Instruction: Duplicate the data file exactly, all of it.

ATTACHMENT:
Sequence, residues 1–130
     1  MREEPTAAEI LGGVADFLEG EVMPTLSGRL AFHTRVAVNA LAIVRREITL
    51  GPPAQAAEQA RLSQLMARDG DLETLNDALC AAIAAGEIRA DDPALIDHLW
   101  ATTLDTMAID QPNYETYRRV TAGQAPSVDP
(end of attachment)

Sequence, residues 1–130
     1  MREEPTAAEI LGGVADFLEG EVMPTLSGRL AFHTRVAVNA LAIVRREITL
    51  GPPAQAAEQA RLSQLMARDG DLETLNDALC AAIAAGEIRA DDPALIDHLW
   101  ATTLDTMAID QPNYETYRRV TAGQAPSVDP